“It suggests that the amount of carbon released to the atmosphere from land use is approximately equal to the amount still retained,” said Tom Lovejoy, an ecologist at George Mason University who was not involved in the work. “That means the restoration agenda is even more important than previously thought and highlights the enormous amount of degraded land in the world.”…
….“Scenarios that limit global warming to 1.5 or 2 degrees [Celsius] require not only rapid cessation of greenhouse gas emissions but also removal of somewhere between about 100 and 300 billion tons of carbon [or 370 to 1110 billion tons (Gt) of CO2e] from the atmosphere,” Phil Duffy, president of the Woods Hole Research Center, said in an email.
“This paper suggests that restoring vegetation around the world could in principle achieve that,” Duffy continued, noting that if all the potential vegetation were restored it would offset some 50 years of global carbon emissions. While “the full theoretical potential will never be realized in practice … this paper indicates that restoring vegetation could make an extremely important contribution to controlling global climate change.”
Abstract: Carbon stocks in vegetation have a key role in the climate system. However, the magnitude, patterns and uncertainties of carbon stocks and the effect of land use on the stocks remain poorly quantified. Here we show, using state-of-the-art datasets, that vegetation currently stores around 450 petagrams of carbon. In the hypothetical absence of land use, potential vegetation would store around 916 petagrams of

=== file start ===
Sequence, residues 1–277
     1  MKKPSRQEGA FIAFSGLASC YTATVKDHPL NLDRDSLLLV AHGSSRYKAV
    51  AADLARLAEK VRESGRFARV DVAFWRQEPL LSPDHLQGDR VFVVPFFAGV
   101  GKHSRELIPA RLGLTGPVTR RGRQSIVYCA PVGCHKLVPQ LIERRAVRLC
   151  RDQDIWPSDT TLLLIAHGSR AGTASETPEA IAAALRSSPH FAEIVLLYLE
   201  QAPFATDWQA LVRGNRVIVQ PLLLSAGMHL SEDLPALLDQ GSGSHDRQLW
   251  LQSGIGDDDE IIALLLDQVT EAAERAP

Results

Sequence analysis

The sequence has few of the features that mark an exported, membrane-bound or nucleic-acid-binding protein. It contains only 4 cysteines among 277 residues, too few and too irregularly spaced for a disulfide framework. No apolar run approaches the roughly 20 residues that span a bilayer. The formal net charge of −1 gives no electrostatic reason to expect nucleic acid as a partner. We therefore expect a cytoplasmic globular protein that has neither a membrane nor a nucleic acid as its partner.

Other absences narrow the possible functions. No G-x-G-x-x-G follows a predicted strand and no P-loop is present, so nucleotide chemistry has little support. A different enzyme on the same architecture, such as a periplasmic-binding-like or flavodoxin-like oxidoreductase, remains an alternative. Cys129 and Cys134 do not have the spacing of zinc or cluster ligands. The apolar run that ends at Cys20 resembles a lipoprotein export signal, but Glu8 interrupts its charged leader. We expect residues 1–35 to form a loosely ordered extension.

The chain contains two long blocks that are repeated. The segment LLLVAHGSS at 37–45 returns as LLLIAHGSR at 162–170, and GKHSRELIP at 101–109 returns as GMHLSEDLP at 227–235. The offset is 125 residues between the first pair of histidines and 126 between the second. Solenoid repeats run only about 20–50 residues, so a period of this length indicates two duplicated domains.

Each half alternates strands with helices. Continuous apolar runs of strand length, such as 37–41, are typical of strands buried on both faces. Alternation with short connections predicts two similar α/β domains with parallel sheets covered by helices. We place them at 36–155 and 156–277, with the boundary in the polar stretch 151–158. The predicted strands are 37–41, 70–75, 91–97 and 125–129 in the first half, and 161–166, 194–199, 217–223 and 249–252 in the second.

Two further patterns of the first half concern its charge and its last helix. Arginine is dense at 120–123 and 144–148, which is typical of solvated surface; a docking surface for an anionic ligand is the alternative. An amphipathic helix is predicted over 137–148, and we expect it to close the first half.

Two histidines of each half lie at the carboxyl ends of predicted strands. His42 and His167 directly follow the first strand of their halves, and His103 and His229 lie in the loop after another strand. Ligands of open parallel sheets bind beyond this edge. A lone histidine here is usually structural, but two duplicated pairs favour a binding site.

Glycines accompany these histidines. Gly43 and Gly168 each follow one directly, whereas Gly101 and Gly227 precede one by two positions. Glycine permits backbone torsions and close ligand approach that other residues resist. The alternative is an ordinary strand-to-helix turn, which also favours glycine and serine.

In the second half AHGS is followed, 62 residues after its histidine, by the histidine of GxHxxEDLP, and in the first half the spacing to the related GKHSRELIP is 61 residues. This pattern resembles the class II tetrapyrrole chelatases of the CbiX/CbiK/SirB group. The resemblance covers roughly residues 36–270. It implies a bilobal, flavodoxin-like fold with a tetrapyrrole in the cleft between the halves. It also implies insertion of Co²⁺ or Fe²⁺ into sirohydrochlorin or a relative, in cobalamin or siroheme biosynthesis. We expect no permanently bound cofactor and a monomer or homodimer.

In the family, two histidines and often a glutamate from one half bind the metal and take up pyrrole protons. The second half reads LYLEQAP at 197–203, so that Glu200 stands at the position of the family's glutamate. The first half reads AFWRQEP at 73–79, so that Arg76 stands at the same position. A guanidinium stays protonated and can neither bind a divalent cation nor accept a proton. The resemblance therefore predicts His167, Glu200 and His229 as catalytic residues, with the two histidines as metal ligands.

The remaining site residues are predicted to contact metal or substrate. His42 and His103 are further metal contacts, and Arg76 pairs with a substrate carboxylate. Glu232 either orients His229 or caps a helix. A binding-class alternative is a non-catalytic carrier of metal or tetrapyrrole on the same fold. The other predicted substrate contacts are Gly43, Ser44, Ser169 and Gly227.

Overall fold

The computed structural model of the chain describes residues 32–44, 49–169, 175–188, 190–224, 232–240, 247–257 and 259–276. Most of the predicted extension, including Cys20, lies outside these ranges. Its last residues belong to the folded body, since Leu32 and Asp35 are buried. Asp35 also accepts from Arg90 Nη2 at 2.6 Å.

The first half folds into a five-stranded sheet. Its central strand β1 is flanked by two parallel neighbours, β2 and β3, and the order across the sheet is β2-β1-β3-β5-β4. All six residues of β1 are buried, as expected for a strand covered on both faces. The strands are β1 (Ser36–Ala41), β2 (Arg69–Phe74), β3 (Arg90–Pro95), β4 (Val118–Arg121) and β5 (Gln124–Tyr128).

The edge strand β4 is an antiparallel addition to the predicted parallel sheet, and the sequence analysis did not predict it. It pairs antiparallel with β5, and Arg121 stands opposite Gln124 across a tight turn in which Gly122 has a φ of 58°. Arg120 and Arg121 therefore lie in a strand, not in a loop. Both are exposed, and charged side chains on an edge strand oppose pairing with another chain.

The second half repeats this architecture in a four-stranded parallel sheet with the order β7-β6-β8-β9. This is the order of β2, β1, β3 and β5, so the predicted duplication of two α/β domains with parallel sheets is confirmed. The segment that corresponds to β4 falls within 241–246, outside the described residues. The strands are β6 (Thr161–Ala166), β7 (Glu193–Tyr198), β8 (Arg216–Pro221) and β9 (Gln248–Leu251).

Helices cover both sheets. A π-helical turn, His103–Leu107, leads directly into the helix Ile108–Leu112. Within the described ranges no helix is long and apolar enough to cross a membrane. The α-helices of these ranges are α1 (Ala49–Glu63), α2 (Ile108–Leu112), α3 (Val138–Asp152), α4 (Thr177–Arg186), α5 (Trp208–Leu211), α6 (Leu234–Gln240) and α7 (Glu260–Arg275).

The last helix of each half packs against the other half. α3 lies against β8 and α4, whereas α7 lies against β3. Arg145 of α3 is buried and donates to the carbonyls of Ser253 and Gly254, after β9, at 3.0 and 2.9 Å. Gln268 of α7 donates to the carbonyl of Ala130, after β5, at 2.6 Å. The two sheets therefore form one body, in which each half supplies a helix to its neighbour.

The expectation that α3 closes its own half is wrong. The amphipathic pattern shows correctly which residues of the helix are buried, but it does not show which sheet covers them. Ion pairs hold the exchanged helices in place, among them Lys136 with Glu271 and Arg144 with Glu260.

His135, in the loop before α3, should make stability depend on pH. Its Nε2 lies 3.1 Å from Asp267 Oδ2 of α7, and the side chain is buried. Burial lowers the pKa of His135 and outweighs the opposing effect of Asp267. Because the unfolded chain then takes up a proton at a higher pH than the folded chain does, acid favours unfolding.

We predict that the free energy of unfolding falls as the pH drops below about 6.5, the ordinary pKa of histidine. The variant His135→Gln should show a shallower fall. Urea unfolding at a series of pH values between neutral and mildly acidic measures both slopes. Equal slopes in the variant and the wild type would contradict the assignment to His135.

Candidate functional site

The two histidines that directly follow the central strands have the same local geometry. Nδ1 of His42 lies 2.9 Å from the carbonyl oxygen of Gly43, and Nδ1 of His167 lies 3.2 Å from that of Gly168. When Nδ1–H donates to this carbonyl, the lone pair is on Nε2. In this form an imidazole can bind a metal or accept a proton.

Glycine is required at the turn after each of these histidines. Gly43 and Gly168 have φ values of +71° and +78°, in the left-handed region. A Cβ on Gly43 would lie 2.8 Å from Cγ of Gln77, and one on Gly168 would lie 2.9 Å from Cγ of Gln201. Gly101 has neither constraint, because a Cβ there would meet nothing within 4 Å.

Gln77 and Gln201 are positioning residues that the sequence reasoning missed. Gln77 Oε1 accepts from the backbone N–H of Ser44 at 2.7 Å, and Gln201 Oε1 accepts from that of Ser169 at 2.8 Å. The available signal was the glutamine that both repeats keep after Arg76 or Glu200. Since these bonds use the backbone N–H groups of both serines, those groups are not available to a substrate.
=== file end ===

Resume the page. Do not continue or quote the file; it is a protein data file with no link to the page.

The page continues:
carbon, under current climate conditions. This difference highlights the massive effect of land use on biomass stocks. Deforestation and other land-cover changes are responsible for 53–58% of the difference between current and potential biomass stocks. Land management effects (the biomass stock changes induced by land use within the same land cover) contribute 42–47%, but have been underestimated in the literature. Therefore, avoiding deforestation is necessary but not sufficient for mitigation of climate change. Our results imply that trade-offs exist between conserving carbon stocks on managed land and raising the contribution of biomass to raw material and energy supply for the mitigation of climate change. Efforts to raise biomass stocks are currently verifiable only in temperate forests, where their potential is limited. By contrast, large uncertainties hinder verification in the tropical forest, where the largest potential is located, pointing to challenges for the upcoming stocktaking exercises under the Paris agreement.
The last great hope of avoiding catastrophic climate change may lie in a substance so commonplace that we typically ignore it or else walk all over it: the soil beneath our feet.
The earth possesses five major pools of carbon. Of those pools, the atmosphere is already overloaded with the stuff; the oceans are turning acidic as they become saturated with it; the forests are diminishing; and underground fossil fuel reserves are being emptied. That leaves soil as the most likely repository for immense quantities of carbon.